The battle that ensues when your eyes are droopy and you are fresh from the salon can be overwhelming. Beauty sleep is not so pretty ey? I barely get some sleep at the expected hour and more so for the expected number of hours, it is common knowledge to Karimi especially. It’s synonymous to where we put the extra rolls of tissue, or where to find the cutlery or which drawer contains my draws and which one should not be open or cannot be opened because number 5 will shock you.
My insomnia has been with me long enough that we have sweet dreams of each other, sorry I mean names. It’s well aware of my likes and dislikes; it knows when I need a foot rub, when I need a mental stimulation, or when I’m just plain playing and generally do not want to sleep because the late night chats are endearing. If you want to know anything about me, you go to my insomnia.
The afternoon sun is remarkable when you have found shelter. The birds are chirping outside my window, there is water drop silence in the house; the serenity of our compound is safe for building castles in the air and the clouds are forming images of puppies and Mary Jane. I have a few hours to myself;
I just want to thank God, Mama Pauline, Braids, Venus hair food and all the terrible hair dressers. I head to my room for a quick siesta.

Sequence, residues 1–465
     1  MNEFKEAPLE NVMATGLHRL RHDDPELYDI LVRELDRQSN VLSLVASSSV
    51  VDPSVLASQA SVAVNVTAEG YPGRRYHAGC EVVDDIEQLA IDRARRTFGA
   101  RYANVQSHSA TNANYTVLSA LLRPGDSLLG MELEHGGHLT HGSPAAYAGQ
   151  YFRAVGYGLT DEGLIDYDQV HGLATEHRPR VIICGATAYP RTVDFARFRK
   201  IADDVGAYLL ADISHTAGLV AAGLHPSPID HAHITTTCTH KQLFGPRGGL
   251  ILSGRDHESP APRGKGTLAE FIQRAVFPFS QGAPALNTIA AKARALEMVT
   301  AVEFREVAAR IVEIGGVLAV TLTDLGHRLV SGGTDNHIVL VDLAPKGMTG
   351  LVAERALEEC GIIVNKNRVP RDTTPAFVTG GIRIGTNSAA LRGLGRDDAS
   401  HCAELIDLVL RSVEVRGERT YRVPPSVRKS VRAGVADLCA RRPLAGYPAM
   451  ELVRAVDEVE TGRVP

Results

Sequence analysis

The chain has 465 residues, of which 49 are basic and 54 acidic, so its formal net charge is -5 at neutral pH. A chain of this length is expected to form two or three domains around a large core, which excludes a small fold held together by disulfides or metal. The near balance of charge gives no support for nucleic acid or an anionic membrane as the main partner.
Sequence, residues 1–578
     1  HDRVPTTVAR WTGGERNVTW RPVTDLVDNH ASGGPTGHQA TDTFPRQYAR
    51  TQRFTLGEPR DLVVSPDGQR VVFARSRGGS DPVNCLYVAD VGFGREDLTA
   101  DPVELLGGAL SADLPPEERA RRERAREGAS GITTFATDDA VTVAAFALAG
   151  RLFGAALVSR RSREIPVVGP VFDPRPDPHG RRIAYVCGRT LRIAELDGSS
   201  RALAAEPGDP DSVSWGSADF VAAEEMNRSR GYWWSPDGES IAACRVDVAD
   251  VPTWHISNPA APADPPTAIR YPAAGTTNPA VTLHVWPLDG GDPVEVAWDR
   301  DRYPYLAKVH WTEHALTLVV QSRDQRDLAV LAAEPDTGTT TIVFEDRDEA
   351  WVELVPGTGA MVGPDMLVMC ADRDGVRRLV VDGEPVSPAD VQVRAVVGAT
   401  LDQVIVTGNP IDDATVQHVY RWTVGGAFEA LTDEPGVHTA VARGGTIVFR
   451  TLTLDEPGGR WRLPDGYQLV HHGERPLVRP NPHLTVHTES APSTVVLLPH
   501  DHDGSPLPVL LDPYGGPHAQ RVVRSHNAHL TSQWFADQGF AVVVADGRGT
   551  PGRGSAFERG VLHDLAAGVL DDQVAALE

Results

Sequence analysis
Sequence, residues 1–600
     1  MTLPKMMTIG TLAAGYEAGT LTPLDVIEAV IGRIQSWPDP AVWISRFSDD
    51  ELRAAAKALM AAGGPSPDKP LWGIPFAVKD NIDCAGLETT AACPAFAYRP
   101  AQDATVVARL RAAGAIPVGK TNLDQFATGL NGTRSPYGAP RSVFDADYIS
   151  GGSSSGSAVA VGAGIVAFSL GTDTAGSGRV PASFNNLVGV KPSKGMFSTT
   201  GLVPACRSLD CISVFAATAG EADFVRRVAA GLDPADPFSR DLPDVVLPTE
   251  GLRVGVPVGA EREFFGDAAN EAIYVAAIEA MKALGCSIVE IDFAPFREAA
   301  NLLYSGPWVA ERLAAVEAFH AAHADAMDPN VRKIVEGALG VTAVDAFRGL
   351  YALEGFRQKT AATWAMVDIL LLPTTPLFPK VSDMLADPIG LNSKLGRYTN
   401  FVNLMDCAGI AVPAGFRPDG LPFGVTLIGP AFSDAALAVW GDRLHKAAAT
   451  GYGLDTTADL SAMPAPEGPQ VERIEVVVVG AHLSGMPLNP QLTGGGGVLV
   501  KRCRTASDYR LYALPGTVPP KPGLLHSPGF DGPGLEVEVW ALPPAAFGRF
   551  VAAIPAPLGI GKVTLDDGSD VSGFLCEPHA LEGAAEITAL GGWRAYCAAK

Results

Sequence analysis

I leave a movie running on the laptop and sink into the sheets; I can still hear the actors’ voices from a distance. I drift in and out of the action as it played on; I tossed, turned and finally rested. The last time I slept this peacefully I was alone in the house, waiting for the legalization so I can give full revelations of the events. God has granted me wisdom.
I sleep very lightly even when its deep, I like remaining aware of my surroundings; I can hear the cars on the main road, the voices of women and children from school lamenting of lost items and I can almost hear Karimi pant and heave on her way home.
She shyly opened the gate and I head for the main door to let her in; we lock this house like a vault. I whisper of my drowsiness eyeing her like Fetty Nap and shuffle back to sleep to avoid any exchange.
I almost immediately fall back to sleep only to hear an advertisement of mugithii on Inooro TV piercing the silence. She lets out a scream in celebration. I start playing 2pac’s song ‘changes’ in my head. She then increases the volume and I turn to face the wall in pure bed rage.
Just when I ease into muting the noise from the TV, Karimi calls my name from the corridor. Being a typical Meru from Tigannia, nothing about her is quiet, not her bright skin tone, her obnoxiously blonde braids and certainly not her voice. There is no neutrality at all, there is violence whether she speaks or doesn’t speak.
I remain unresponsive.
I shall not fret on this version unnecessary noise without Nazizi.
“Teise! aki huitiki mbona” she opens my door and sees my pursed lips, my closed eyes, my frowned forehead and my naked butt raging.
“Leo aki ntapikaaaa? Unaskia kukura nini aki ngosh” she goes on ignorantly.
I pull the beddings to cover my nudity and let out a ‘kitu tu ya kukula’ rude enough to end the discourse but she doesn’t catch the tone. The door was still slightly agape letting in a cold breeze which found its way to my bare chest. She nitpicks on and on over what to cook and why to cook. She then leaves the door open and continues to complain as she heads for her room.
I’m about to wear stripes my whole life.